Rosewood vs. Maple guitar fretboards
This is a case where there's definitely more than just two choices.
When it comes to all-maple necks, the first guitar that comes to mind for most people is the classic look of the Fender Stratocaster in Sunburst, such as the American Original '50s Stratocaster (seen above.) Squier also has a version of this classic look with their Classic Vibe '50s Stratocaster.
The other guitar that comes to mind right after that where all-maple necks are concerned is the classic Fender Telecaster with black guard in Butterscotch Blond finish. Fender's model that best captures this look is the American Original '50s Telecaster, and Squier once again also follows up with the Classic Vibe '50s Telecaster.
While true there are a handful of other brands such as Jackson, Charvel, Ibanez and so on that make guitars with all-maple necks, the lion's share of those you'll find will be either Fender or Squier. The vast majority of electrics otherwise use rosewood fingerboards, followed by ebony and pau ferro.
Two woods, 3 different types of feel
Maple when used as a fingerboard wood is always sealed to keep its color and prevent it from turning gray/green. How it's sealed affects how it feels to the fingers.
There are basically two types of maple fretboard feel, smooth and semi-smooth. And this 100% depends on how the board was finished. If it was finished in a high gloss polyurethane, the feel is smooth. If finished in a semi-gloss satin urethane, you get the semi-smooth feel.
On Squier guitars with all-maple necks, it's usually true the entire neck is sealed in a high gloss polyurethane. But with Fender guitars, it's a different story. Some guitars are finished in all high gloss, while others have semi-gloss on the back and high gloss on the fingerboard, and others with semi-gloss as the entire neck finish.
It is easy to tell the difference visually between high gloss and semi-gloss. High gloss finish will exhibit mirror-like reflectivity while semi-gloss will not.
As far as which finish feels better to the fingers, the answer is semi-gloss. The semi-smooth texture of the satin urethane finish is preferred by many players.
Where rosewood is concerned, the unsealed open grain feels "softest" to the fingers. When you run your finger along the board, it's easy to feel the grain, and for many this wood type feels best during play.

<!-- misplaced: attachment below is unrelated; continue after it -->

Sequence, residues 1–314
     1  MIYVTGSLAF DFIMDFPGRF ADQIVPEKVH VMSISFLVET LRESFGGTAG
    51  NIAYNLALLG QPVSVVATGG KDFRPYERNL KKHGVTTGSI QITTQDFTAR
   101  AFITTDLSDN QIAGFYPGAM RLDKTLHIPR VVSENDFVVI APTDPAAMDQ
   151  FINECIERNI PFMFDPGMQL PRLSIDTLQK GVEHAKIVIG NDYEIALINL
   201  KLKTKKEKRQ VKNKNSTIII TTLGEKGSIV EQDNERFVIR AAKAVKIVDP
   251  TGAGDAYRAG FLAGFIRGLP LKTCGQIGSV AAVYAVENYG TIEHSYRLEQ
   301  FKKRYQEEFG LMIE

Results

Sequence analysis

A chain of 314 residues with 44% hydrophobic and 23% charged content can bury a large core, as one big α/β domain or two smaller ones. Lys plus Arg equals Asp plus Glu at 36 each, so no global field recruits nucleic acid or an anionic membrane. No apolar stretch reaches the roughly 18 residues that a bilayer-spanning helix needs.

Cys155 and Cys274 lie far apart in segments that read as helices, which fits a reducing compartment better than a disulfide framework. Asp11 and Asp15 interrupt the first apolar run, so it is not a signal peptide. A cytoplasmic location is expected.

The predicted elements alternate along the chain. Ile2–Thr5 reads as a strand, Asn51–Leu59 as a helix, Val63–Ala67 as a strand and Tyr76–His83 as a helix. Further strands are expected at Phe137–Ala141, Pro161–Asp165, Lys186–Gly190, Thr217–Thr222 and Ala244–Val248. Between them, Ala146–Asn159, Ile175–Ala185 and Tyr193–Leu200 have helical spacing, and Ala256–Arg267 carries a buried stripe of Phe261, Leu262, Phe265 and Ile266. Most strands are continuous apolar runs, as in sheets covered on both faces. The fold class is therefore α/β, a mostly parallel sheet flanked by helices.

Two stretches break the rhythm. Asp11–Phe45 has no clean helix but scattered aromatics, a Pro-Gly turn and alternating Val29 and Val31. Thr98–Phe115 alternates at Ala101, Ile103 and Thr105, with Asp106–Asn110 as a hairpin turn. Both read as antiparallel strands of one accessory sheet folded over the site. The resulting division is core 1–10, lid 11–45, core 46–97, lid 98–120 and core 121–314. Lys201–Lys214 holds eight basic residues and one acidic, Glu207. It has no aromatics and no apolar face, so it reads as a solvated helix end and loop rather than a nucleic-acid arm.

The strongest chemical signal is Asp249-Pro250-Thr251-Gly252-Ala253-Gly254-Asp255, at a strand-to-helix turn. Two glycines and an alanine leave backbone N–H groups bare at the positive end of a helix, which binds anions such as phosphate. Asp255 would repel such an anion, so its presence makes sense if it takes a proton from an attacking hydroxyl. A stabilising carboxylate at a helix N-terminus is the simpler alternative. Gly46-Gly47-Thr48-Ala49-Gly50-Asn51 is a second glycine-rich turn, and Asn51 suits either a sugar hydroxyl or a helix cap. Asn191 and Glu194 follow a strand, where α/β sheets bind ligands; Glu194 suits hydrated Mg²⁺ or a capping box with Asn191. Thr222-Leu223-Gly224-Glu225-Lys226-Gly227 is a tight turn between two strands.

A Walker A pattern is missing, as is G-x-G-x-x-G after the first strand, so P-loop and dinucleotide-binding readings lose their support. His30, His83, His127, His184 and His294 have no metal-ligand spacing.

Which is the best?
The decision of which to go with depends on soft vs. smooth. The softer-feeling fingerboard wood is rosewood, the smoother-feeling wood is high gloss maple, and the one that sits in the middle is the semi-smooth satin finished maple.
I've personally owned all three, and the neck I think that works best is satin urethane finished maple back with rosewood fingerboard.
This is, by the way, why the cheap-as-dirt Squier Bullet Strat neck feels as good as it does, because it has the maple neck with satin urethane on the back and a rosewood board on the front.
There's only one problem with satin urethane finished maple. It looks a bit on the dull side, which is the nature of how the semi-gloss finish looks. The mirror shine of the high gloss definitely pops more. That, and tint color doesn't work with the semi-gloss that well. Several Fender and Squier models that use a high gloss maple finish are tinted for that orange-ish "warm" look, and it works - but it wouldn't if it were semi-gloss.
While I feel maple neck with semi-gloss satin urethane finish + rosewood fingerboard feels the best, I know full well that it doesn't look the best. And yeah, the look of a guitar is important.
My Bullet Tele has that maple/satin back + rosewood front, while my VM '72 Tele is all high gloss maple front + back. Each neck feels distinctively different from the other. I get a better feel off the Bullet neck, to be totally honest. But the VM '72 looks cooler.
I'm glad to own both so I can go with whatever neck I'm in the mood to play. 🙂
And what about nitrocellulose lacquer a.k.a. nitro for short? I hate it. Worst maple neck finish there is. Irritates my fret hand and feels sticky. Yes, through many hours of play, the nitro wears down and the neck starts feeling better. Screw that. I'm much happier not having to constantly subject my fret hand to skin irritation over a period of months just to get a correct-feeling neck.